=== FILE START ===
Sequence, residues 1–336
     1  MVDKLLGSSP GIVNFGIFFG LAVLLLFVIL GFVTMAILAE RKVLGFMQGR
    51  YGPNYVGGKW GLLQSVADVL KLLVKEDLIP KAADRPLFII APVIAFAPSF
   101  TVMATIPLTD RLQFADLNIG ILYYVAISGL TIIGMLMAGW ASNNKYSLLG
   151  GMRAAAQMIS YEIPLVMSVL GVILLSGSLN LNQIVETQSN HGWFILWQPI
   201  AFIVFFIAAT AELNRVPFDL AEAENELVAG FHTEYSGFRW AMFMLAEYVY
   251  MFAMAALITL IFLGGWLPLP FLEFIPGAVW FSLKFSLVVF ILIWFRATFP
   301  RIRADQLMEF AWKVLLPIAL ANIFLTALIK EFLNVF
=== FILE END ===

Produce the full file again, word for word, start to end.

Sequence, residues 1–336
     1  MVDKLLGSSP GIVNFGIFFG LAVLLLFVIL GFVTMAILAE RKVLGFMQGR
    51  YGPNYVGGKW GLLQSVADVL KLLVKEDLIP KAADRPLFII APVIAFAPSF
   101  TVMATIPLTD RLQFADLNIG ILYYVAISGL TIIGMLMAGW ASNNKYSLLG
   151  GMRAAAQMIS YEIPLVMSVL GVILLSGSLN LNQIVETQSN HGWFILWQPI
   201  AFIVFFIAAT AELNRVPFDL AEAENELVAG FHTEYSGFRW AMFMLAEYVY
   251  MFAMAALITL IFLGGWLPLP FLEFIPGAVW FSLKFSLVVF ILIWFRATFP
   301  RIRADQLMEF AWKVLLPIAL ANIFLTALIK EFLNVF